May 21, 2004
Internet Forces Small Florists to SufferSource: Orlando Sentinel

With the growth of Internet ordering and 1-800 call centers, along with the continued growth of flower-wire services like FTD, Inc., small florists nationwide are struggling to keep local customers, according to a recent article in the Orlando Sentinel.

With the convenience and availability of Internet floral Web sites and call centers, has become a consumer favorite. It attracted 3.1 million new customers last year and has a 43-percent repeat-order rate. It has increased its sales 14 percent in 2003 to $565 million. Since going public in 1999, the company’s revenue has increased more than 90 percent.

The corporation collects floral and gift orders via the Internet and a network of call centers. It uses a wire service to distribute orders to local florists. However, according to the Orlando Sentinel, a customer who pay $100 for a bouquet might receive a $50 arrangement by the time wire-service fees and delivery charges are subtracted.

According to John Kobylinski, owner of Four Always in Bloom locations in Orlando, Fla., said most mom-and-pop flower shops have been out-marketed by national corporations with larger advertising budgets. “Consumers used to visit independent flower retailers to place orders, even those orders being shipped outside of the area,” he said in the Orlando Sentinel. “Now, they have the Internet or the 1-800 number.”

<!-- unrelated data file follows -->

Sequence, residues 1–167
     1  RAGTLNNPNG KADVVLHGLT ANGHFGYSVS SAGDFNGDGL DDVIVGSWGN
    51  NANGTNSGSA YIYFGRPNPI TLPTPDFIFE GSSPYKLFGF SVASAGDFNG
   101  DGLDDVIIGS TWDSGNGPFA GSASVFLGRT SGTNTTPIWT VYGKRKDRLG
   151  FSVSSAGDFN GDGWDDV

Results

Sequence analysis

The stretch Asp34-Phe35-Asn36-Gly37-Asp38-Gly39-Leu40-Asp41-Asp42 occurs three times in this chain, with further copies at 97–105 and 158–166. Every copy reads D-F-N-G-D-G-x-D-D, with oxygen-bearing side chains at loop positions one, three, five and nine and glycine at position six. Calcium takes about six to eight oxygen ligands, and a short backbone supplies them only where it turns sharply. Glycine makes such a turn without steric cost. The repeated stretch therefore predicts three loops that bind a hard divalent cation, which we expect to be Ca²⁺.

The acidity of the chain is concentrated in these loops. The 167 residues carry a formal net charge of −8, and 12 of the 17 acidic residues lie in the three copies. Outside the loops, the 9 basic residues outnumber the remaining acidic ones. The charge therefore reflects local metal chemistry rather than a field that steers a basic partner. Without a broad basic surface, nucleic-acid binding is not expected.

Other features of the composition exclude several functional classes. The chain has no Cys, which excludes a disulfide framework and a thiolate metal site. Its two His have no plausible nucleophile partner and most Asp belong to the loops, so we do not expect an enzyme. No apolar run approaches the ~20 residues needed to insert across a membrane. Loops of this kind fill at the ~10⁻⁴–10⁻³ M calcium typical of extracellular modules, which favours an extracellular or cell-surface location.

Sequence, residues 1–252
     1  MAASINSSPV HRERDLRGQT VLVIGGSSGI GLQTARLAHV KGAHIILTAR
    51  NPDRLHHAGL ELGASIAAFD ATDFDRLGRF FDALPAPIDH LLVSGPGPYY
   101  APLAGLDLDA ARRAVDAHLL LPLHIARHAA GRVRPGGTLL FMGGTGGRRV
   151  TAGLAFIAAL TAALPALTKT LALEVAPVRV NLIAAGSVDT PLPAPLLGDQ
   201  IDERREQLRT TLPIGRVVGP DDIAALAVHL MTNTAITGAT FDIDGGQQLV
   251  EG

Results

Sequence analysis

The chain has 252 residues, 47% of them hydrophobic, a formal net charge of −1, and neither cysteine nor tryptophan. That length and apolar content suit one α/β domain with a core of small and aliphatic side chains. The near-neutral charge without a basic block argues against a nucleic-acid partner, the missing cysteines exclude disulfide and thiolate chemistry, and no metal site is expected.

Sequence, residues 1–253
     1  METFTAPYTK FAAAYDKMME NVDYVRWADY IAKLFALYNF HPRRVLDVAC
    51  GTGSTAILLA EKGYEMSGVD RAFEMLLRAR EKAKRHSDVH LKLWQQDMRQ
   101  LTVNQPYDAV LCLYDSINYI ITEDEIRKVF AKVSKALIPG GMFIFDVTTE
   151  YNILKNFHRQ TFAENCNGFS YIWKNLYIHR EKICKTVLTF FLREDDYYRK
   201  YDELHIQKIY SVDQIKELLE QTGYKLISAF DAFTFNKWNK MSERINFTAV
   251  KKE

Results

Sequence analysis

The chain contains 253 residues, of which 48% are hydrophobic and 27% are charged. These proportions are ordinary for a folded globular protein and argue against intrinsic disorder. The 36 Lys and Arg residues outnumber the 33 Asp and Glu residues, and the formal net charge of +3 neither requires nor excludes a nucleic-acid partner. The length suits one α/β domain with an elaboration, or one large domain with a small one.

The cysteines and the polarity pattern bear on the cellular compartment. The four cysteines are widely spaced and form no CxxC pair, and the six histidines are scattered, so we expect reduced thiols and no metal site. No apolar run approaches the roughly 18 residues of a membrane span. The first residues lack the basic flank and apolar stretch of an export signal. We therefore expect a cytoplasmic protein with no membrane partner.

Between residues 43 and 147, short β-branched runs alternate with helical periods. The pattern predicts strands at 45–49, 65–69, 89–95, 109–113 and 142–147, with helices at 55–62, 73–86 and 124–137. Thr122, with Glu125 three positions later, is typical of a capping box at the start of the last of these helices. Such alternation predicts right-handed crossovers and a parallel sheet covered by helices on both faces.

According to Paul Goodman, editor of Floral Finance, there were about 27,000 retail florists in 1993, with the number dropping to about 25,000 last year. “There are a lot of small florists who aren’t making it,” he said in the Orlando Sentinel. However, Goodman believes the cause of the decline is not the wire services, and he estimates wire orders account for only 16 percent of sales at the average retails florist. “The retail floral industry is in transition. It’s evolving, not dying,” Goodman affirmed.

According to a survey by Floral Management, 50 percent of all florists say wire services will force conventional florists out of business. However, other experts believe there will always be a place in the industry for small independent shops. “Retail florists are always going to have a niche,” said Jennifer Sparks, vice president of marketing for the Society of American Florists in the Orlando Sentinel. “They’re just finding it harder to compete against the larger business with resources to better promote themselves.”

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